In today’s society, most are aware of the activist cultures that roam the earth searching for a chance to create change. From Black Lives Matter to LGBTQ+, these groups are making themselves and their cause known and heard. Feminists are yet another community that has made themselves a force to be reckoned with. With the help of the media, this group has helped shape the way society views feminism. Although its increasing social media presence has allowed the movement to grow and evolve into new waves as well as bring support to women around the world, it has simultaneously become a base for stereotypes, extremism, and online trashing, calling for a new definition of what it means to be apart of the feminist culture.
Feminism is defined as a belief in social, political, and economic equality of the sexes. This term appeared in the English language in the 1890s, however, women’s struggles date far before that. The first wave of feminism was the original movement that promoted equality for women, occurring in the latter half of the nineteenth century to the twentieth century. This consisted of women strongly advocating for their political rights like voting. This wave later ended when the 19th Amendment, which allowed women to vote, was passed (Schuler). The next evolution that followed was named the Second Wave, which was thought to be inspired by the book The Feminine Mystique by Betty Friedan. The Second Wave took place in the 1950s to 1960s and can be referred to as the women’s liberation movement. Critiquing the typical social roles women were forced into, as well as advocating for equal pay, sexual liberation, and breaking free from gender roles was the main goal of this second stage of feminism ('Second-Wave Feminism.'). Next came the third wave which developed starting at the end of the twentieth century. This wave primarily consisted of the involvement of younger women, such as the Gen X generation, and concerned with the issue of achieving equal rights, which has been helped by the increased energy of the portrayal of women in the media (Policarpo). Some may argue that the third wave is still currently in the works, whereas others believe there is a fourth wave that has begun with no exact start date. This wave is said to have emerged when people saw that the third wave had seemed to become overly optimistic. The fourth wave is believed to focus on problems such as sexual abuse, rape, violence against women, unequal pay, slut-shaming, and more (Rampton). Some examples of this wave at work are the hashtags: #MeToo, #YesAllWomen, and #GirlGaze. As each wave evolves new issues are pursued allowing for society's problems surrounding the equality and portrayal of women to be resolved. This results in more women around the world engaging in an ever-growing community that supports other women being oppressed by the weight of society.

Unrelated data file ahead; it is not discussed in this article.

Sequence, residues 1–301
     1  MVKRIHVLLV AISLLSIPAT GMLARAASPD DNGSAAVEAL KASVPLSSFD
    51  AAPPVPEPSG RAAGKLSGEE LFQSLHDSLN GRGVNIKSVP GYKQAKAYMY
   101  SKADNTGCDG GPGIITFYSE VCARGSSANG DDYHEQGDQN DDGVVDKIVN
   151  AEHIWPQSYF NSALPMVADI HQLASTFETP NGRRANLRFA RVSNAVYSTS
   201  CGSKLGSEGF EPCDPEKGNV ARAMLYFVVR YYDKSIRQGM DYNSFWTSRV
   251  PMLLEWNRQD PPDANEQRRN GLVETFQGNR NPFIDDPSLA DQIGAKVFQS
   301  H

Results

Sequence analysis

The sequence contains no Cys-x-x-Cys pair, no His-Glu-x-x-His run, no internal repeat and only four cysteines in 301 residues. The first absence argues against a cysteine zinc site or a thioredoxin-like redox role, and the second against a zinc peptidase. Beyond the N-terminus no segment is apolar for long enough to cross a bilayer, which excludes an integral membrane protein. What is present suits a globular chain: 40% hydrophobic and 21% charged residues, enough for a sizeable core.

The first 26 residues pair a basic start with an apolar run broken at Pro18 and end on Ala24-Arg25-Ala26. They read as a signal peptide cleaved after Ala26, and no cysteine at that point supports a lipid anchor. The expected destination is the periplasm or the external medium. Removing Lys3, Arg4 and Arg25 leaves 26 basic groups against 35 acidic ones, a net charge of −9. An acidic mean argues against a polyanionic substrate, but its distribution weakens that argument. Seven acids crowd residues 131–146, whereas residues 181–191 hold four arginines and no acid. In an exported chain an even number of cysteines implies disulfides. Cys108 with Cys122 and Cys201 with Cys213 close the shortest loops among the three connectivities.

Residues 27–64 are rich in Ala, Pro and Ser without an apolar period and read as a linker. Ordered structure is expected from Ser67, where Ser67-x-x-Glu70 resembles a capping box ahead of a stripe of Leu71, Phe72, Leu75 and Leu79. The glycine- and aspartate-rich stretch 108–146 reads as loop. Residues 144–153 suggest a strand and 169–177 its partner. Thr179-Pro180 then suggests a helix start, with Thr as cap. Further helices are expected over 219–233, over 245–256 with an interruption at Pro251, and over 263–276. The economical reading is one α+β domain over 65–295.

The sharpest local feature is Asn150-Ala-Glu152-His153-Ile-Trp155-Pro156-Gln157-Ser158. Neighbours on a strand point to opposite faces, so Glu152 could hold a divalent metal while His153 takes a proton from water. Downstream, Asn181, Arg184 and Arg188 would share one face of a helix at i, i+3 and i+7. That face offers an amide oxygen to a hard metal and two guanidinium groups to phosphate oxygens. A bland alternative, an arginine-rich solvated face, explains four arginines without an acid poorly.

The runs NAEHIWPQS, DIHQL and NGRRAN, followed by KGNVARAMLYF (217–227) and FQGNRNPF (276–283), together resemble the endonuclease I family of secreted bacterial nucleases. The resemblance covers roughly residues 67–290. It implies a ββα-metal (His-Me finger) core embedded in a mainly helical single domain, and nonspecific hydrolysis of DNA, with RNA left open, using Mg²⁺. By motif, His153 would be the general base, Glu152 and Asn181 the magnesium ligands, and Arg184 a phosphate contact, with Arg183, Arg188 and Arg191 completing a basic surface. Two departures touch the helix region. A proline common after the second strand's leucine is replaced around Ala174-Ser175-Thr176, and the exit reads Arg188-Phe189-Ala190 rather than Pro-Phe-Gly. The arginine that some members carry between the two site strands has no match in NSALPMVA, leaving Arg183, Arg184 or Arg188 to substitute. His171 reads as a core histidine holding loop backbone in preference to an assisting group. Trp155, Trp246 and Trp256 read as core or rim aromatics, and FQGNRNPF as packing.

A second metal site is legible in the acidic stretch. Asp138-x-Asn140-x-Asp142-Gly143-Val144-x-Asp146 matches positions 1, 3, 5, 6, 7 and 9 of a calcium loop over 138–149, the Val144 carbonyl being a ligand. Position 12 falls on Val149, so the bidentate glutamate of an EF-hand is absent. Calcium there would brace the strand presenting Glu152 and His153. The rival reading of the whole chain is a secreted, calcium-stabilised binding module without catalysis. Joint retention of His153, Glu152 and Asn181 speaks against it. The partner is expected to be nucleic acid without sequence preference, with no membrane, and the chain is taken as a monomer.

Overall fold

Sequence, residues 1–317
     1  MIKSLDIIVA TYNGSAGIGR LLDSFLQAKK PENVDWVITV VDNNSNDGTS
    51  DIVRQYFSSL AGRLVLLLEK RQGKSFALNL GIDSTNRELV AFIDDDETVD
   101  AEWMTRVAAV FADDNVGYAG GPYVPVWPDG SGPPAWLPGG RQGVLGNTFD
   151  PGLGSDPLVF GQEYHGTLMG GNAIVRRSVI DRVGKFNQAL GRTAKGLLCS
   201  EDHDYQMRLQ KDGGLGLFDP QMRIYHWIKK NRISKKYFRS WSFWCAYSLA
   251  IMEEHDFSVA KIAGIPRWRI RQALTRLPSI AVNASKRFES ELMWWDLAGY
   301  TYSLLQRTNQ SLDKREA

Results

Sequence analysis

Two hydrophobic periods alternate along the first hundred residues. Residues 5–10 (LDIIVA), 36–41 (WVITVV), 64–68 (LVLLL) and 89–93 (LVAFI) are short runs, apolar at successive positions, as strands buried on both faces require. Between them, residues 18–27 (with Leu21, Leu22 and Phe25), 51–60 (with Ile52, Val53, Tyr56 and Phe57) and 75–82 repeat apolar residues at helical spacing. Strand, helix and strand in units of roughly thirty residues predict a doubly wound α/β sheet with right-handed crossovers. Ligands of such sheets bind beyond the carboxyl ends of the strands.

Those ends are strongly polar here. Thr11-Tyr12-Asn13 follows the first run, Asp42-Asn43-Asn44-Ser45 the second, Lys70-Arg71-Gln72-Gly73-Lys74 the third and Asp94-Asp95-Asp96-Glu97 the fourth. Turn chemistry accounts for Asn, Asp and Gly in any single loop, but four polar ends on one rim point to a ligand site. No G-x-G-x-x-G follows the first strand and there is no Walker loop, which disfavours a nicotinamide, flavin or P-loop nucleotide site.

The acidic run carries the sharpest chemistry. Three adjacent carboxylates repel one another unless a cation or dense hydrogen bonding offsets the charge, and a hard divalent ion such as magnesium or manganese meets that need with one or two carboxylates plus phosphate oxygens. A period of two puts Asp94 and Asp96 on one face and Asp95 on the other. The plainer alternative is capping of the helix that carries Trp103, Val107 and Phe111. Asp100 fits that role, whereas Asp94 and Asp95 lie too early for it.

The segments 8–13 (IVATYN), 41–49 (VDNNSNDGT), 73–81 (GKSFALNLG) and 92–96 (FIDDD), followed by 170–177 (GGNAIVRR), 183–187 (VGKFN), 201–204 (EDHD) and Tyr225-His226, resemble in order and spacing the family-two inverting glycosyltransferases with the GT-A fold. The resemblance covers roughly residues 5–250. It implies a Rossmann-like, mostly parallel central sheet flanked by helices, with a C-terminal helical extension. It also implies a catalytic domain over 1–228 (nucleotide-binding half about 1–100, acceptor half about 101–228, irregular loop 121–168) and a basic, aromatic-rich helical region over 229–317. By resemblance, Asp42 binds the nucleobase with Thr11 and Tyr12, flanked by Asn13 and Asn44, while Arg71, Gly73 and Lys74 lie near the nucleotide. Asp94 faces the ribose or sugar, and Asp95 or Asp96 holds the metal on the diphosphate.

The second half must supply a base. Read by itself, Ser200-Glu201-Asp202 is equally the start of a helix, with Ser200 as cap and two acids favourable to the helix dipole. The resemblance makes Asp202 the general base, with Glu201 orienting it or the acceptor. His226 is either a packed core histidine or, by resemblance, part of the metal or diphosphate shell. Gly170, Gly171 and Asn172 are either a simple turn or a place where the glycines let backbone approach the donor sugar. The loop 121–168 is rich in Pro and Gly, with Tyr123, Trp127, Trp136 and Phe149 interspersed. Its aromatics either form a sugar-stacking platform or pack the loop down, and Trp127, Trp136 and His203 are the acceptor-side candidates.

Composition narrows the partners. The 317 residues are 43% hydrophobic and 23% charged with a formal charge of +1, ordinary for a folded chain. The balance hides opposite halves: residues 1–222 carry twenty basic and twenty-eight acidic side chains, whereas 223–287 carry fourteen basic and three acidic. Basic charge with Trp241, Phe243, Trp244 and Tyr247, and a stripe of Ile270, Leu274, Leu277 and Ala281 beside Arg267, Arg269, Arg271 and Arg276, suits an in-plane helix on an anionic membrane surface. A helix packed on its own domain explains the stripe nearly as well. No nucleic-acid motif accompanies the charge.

Throughout the years feminists have made a voice for themselves and have achieved many of their objectives written on a flowing list of goals. With assistance from the media, this group continues to grow and educate not only women but all members of society on the issues encompassing gender inequality. In 1966 a woman named Roberta Gibb ran the Boston Marathon but did not receive credit at that time for her run since women were not allowed to race, finally by 1972 she was recognized for her accomplishment (“Chronology”). Feminism has allowed for many improvements to be made in how society treats women just like Roberta. Feminism has opened professional doors by taking a stance and providing jobs for women. In 2012 there was a record number of women elected to Congress and a year later the US military opened up combat roles to women for the first time. Feminism has also helped pave the way for mandating new protection for some of the most vulnerable members of society. In 2013, 39 states passed laws to combat sex and labor trafficking as well as assist survivors which were 94% female. Raising awareness and accountability by passing new laws regarding sexual access to each other's bodies has also been a way that feminists have intervened in everyday life. In 2014, the White House established a task force to protect students from sexual assault, which is yet another win for feminist activism. Along with helping women, feminism has helped redefine what is acceptable for men by exemplifying how everyone should receive equal opportunity. For example, in 2014 a CNN reporter named Josh Levs won an Equal Employment Opportunity Commission case regarding paternity leave, causing a parental policy change including a paid leave of 6 weeks to not just new mothers but all new parents. Over time feminism has helped to create laws regarding “crimes” that did not occur during the suffrage or second wavers’ time. Even though the gender pay gap is not fully fixed across the globe, it is decreasing and is helping women receive equal pay (Conger). As the media has aided the movement, feminism has been able to reach out to more and more individuals each year. Social media platforms such as Twitter and Instagram have become popular sites for spreading awareness on the issues of women’s rights. Young feminists are now able to discuss women’s rights in an open forum allowing for smaller, more hidden problems to be discussed. In the past three years, conversations about feminism have increased by 300 percent according to Twitter product manager Mollie Vandor (Hinckley). With the aid of the media, feminism has been able to make great strides toward a more equal world. Nevertheless, with every positive advancement these activists generate, negative experiences and stereotypes follow.